E-CPR for all – just a dream, or the future?

CHEER ecmo tableA new meta-analysis of ECMO in cardiogenic shock and arrest showed an impressive 30-day survival rate of over 30% but at the cost of significant levels of complications (neurological/infective/renal).

A couple of months ago CHEER trial team published their results with a protocol that reads like science-fiction for many of us:

A senior team leader, 2 crit care doctors ready with femoral cannulae, another manning the IVC ultrasound, an ECMO nurse to run the mechanical CPR device and initiate the V-A ECMO circuit, and someone else to start the iced-saline.

Autopulse mechanical chest-compressor and cold infusion en-route to hospital. On arrival compressions are briefly paused while femoral cannulae go in (guidewire visualized in the IVC). Chest X-ray, heparinization then ECMO initiation. Coronary occlusion or pulmonary embolism is then addressed by PCI or thrombectomy. Cool for 24 hours and wean the ECMO using echo.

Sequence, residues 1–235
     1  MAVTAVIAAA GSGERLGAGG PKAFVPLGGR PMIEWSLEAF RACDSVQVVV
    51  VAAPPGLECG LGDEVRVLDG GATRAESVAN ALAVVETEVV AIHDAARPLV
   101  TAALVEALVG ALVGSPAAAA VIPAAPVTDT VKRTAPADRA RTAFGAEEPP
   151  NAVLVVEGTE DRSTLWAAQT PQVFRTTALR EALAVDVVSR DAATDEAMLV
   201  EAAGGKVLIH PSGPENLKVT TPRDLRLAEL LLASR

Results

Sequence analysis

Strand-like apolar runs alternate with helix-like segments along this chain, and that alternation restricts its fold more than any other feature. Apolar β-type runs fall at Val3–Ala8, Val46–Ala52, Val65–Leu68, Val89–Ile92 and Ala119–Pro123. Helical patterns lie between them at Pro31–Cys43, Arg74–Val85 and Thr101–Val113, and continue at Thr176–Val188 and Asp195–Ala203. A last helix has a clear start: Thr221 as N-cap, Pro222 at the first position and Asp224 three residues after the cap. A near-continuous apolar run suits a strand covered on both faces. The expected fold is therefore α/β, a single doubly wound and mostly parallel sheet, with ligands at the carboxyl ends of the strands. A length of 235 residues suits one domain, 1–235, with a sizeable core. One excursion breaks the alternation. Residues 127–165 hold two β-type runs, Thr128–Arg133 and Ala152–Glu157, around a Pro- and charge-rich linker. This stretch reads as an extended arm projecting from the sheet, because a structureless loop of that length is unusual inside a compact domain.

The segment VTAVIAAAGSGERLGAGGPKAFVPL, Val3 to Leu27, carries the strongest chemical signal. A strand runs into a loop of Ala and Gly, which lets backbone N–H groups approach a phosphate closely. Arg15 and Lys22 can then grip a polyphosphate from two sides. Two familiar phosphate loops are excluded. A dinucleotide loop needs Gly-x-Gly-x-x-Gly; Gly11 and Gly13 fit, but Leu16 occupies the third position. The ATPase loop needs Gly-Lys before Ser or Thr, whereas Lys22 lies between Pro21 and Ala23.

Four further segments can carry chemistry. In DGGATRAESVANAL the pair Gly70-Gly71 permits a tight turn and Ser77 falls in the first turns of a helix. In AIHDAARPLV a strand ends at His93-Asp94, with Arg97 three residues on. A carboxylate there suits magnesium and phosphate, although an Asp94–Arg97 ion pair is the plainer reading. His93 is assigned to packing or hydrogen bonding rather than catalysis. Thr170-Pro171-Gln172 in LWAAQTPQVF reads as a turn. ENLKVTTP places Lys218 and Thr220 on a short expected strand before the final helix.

In-hospital as well as out of hospital arrests were included in this Melbourne single hospital prospective observational study. 24 of the intended 26 patients actually got ECMO. The arrests were largely VF and the aetiology was mainly ischemic but cardiomyopathies/channelopathies, PE and respiratory causes also featured. Fairly standard mix!

14 of the 26 got out of hospital. Unsurprisingly more in-hospital than out-of-hospital arrests survived (9/15 v 5/11). None survived asystole despite E-CPR. From arrest to starting ECMO  40 mins (median) passed in survivors and 78 mins in non-survivors (seems to take 15-30 mins from arrival of team to ECMO initiaition).

A highly-staffed process gives good ROSC and survival rates. Refine it by restricting to non-asystole and those who can get cannulated asap.

Given this protocol will never be achievable in smaller hospitals, is it more evidence for centralizing arrest management, or does it really emphasize that the priorities are:

  • shortening the time from arrest to arrest team
  • prompt definitive management thereafter.



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  1. LITFL Review #163 - LITFL

    […] Mandeville has some interesting thoughts on E-CPR following the publication of the CHEER study. Should this practice become more widespread? […]

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